Engagement empowers
  • 11. Training format
    • Trainees of different backgrounds will be trained together using a format involving
      • group work,
      • interactive discussions,
      • case presentation, role plays
      • take-home assignments.
    • Spin offs:
      • to instill a spirit of team work
      • to encourage multidisciplinary collaboration,
    Engagement empowers
  • 12. Outcome measures
    • Implementation is at four levels, over 24 months:
    • Training workshops for 90 journalists on reporting on health scientific research issues to the public
    • Training workshops for 150 young researchers on communicating scientific research findings to the media and policy makers in a way that is readily acceptable and understandable
    Engagement empowers
  • 13. Outcome measures (cont’d)
    • Engaging with communities on health research issues through bimonthly press briefings, monthly radio talk shows and quarterly public debates on health research.
    • Assessment and documentation of barriers and facilitators to communication and utilization of research findings by the media, policy makers and the public.
    Engagement empowers
  • 14. Outline of training programme
    • October-December:
      • Needs assessment
      • development of training manuals
    • Training of Researchers in science communication-
      • 1 st week of January, April, July and October every year 2009-2010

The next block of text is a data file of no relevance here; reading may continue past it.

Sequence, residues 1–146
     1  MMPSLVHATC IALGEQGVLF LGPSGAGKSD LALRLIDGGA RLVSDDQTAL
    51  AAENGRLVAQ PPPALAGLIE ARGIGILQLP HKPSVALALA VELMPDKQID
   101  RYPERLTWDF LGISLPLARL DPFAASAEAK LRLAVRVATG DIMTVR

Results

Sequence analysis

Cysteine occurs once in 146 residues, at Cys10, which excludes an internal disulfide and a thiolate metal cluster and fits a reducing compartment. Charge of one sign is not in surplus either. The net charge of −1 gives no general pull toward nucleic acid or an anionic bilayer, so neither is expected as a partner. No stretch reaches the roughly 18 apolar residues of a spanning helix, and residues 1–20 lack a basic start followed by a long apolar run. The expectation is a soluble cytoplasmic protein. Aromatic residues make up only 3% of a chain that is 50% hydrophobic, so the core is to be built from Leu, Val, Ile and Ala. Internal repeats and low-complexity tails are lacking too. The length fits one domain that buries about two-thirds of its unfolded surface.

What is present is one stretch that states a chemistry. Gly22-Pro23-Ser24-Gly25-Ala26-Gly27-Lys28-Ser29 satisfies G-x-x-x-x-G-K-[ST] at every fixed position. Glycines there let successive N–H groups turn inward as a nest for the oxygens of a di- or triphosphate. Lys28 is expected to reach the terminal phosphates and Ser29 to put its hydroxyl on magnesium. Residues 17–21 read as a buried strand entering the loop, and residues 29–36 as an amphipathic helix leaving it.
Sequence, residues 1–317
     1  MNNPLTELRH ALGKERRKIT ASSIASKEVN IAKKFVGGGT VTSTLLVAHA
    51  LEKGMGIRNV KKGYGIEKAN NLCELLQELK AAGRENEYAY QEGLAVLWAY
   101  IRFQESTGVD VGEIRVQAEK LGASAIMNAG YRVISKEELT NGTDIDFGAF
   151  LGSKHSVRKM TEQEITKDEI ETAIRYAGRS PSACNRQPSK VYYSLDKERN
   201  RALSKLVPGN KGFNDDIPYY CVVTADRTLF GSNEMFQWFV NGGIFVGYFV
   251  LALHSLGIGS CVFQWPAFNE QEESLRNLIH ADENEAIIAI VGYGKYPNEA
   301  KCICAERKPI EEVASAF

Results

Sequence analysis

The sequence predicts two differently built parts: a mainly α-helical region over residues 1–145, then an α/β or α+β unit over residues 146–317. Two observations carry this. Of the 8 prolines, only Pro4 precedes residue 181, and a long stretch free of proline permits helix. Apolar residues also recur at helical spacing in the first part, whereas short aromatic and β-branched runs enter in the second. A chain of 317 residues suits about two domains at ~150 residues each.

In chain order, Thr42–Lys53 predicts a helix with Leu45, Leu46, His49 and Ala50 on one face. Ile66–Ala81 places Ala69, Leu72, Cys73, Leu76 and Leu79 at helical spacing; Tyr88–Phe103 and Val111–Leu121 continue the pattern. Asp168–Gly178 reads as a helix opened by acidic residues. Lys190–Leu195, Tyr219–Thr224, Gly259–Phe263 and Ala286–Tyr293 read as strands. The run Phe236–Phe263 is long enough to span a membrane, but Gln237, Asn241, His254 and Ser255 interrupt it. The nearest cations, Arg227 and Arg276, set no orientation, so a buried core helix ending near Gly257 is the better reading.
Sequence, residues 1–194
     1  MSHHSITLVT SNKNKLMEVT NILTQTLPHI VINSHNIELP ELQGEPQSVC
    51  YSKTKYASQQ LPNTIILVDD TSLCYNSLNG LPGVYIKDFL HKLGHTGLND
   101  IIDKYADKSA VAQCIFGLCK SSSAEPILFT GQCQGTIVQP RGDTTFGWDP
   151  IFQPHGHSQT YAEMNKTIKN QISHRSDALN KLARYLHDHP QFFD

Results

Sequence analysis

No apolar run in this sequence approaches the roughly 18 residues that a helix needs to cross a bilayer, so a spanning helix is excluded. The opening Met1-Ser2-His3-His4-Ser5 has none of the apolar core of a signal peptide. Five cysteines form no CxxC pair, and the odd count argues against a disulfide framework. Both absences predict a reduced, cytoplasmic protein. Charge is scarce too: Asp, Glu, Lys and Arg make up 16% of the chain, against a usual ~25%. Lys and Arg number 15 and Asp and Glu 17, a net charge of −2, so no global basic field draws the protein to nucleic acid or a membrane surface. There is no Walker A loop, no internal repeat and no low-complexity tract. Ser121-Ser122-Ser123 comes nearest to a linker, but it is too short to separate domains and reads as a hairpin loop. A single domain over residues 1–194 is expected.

Engagement empowers
  • 15. Training and engagement programme outline and timelines
    • Training the media fraternity in science communication-
      • 1 st week of February, May, August and November for years 2009-2010
    • Public debates and discussion fora on scientific research-
      • 1 st or 2 nd week of March, June, September and December for 2009-2010
      • Monthly radio talk shows on scientific research.
    • Evaluate the project and final report
      • Jan-March 2011 (with mid term evaluation end of 2009).
    Engagement empowers
  • 16. Future plans
    • Initiate longer duration course in science communication
      • using the lessons learnt from this training programme on public engagement in health research
      • Will work with School of Public Health and Department of Mass communication to develop training curricula of a modular format
    Engagement empowers
  • 17. Future plans
    • Will disseminate widely and publish:
    • The results of the needs assessment
    • The lessons learnt from public engagement
    Engagement empowers
  • 18. Acknowledgements
    • Team Members:
      • Jennifer Bakyawa
      • Nelson Kakande
      • Prof Nelson Sewankambo
    • Funding from the Wellcome Trust International Engagement Award
    • Collaboration and collaborative support from
      • School of Public Health and Dept Of Mass Communication , Makerere University
      • COHRED
      • Julia Royall (National Library of Medicine, NIH)
    Engagement empowers